I believe some of these men have endorsed the book because of the reformed view it has appeared to have taken. Mathis uses the language “means of grace” as his baseline reasoning for the spiritual disciplines. While this is a very reformed concept for how we grow in Christ, the problem lies in that Mathis is only creating a bridge between Don Whitney’s book and a reformed view of the means of grace. In the preface he openly admits to the influence of Whitney’s book on his own theology, and it is noticeable in how many times Whitney’s book is referenced. Mathis, in stating his purpose for the book, writes,

In particular, I am eager to help Christians young and old simplify their approach to their various personal habits of grace, or spiritual disciplines, by highlighting the three key principles of ongoing grace: hearing God’s voice (his word), having his ear (prayer), and belonging to his body (fellowship).[10]

Mathis isn’t offering any new ideas even though it sounds as though he will be taking a reformed approached to this subject. He is simply changing the terms and then giving the same instructions as Foster, Willard and Whitney. He openly admits this very concern,

Whatever the term, the key is that God has revealed certain channels through which he regularly pours out his favor. And we’re foolish not to take his word on them and build habits of spiritual life around them.[11]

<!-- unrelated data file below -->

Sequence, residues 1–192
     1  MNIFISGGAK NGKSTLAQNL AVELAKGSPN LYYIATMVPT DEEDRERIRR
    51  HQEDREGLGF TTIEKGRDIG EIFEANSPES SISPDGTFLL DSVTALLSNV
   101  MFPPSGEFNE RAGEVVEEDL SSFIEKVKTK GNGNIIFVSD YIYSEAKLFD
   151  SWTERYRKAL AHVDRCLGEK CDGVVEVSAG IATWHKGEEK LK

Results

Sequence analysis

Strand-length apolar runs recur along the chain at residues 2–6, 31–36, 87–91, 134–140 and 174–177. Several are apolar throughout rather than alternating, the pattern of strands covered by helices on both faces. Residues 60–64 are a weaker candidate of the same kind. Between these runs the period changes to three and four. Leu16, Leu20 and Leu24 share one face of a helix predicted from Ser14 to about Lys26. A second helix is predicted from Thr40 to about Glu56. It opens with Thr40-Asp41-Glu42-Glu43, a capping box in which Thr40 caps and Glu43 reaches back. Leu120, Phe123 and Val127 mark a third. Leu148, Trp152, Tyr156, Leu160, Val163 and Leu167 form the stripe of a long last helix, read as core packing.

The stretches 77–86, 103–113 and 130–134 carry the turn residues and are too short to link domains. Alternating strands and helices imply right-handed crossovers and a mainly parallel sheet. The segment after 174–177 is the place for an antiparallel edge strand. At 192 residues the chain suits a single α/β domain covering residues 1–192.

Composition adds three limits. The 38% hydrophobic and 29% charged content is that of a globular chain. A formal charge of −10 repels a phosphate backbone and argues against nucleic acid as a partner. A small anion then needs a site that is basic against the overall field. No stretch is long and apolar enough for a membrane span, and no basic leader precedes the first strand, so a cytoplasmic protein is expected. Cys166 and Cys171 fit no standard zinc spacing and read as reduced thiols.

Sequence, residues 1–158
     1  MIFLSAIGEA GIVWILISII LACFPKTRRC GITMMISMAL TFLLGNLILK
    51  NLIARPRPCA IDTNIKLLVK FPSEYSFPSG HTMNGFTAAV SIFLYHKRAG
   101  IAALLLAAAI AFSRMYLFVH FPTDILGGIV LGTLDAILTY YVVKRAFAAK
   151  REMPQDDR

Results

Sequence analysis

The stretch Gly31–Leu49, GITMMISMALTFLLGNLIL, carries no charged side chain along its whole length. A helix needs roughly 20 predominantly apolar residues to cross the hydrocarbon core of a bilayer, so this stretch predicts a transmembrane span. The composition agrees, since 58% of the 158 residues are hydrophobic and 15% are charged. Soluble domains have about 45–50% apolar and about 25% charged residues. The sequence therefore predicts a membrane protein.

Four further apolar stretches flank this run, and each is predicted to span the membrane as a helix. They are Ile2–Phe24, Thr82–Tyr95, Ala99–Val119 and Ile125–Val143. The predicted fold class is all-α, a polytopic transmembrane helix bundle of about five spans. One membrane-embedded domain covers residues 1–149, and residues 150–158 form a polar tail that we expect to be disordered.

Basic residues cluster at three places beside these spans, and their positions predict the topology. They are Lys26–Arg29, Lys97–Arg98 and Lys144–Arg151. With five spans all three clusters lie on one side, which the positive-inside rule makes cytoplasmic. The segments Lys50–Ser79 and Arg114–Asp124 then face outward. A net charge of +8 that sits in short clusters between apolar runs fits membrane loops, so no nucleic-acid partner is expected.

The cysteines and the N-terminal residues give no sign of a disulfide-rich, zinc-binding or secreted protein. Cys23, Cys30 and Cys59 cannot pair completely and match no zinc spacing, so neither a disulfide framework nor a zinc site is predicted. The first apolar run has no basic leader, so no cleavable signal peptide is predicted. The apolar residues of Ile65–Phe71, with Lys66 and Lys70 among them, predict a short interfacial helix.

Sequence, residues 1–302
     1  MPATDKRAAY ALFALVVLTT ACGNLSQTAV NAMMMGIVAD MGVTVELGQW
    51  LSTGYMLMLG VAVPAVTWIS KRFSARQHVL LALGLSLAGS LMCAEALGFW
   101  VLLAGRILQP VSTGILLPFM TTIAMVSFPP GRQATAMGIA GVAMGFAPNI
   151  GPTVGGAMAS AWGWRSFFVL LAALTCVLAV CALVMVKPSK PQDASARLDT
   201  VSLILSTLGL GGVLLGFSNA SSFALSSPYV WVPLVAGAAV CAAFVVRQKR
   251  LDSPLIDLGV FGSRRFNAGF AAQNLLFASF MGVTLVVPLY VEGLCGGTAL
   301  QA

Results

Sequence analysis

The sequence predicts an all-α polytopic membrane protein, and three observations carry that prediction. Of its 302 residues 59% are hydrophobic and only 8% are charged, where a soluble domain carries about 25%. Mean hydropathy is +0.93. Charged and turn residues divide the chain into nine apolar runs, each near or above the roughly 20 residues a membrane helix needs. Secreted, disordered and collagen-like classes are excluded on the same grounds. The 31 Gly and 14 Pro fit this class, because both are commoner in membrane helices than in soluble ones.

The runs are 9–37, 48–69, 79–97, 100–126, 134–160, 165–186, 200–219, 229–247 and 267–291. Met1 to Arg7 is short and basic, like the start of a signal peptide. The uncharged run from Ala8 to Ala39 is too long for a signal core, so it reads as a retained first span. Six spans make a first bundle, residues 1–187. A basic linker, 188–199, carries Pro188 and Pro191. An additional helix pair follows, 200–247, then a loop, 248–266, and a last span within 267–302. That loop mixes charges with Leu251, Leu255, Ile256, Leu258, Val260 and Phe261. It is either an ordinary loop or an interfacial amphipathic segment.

Once again, the dilemma presented by Mathis is that I am required to perform certain actions to receive favor from my Father. The call is not to place our faith in Christ and trust that His righteousness, imputed to us, is all we need to find favor with our Father.

In my last article I am going to explain the historical reformed view of scripture as it concerns our daily life in Christ. We are called to focus on a simple life of faith; not on our own faithfulness, but instead focusing on Christ’s faithfulness on our behalf.

Jon Moffitt

[1] http://web.archive.org/web/20100601012402/http://www.theooze.com/articles/article.cfm?id=744

[2] Foster, Richard. Celebration of Discipline: The Path to Spiritual Growth, 29.

[3] Ibid, 32.

[4] Nouwen, Henri. Here and Now, p. 22.

[5] Celebration of Discipline: The Path to Spiritual Growth, chapter 7.

[6] Willard, Dallas. The Spirit of the Disciplines, p.10.

[7] http://www.dwillard.org/articles/artview.asp?artID=58

[8] Whitney, Don. Spiritual Disciplines for the Christian Life, p. 16-17.

[9] Ibid, p. 4.

[10] Mathis, Davis. Habits of Grace, p. 16.

[11] Ibid, p. 27.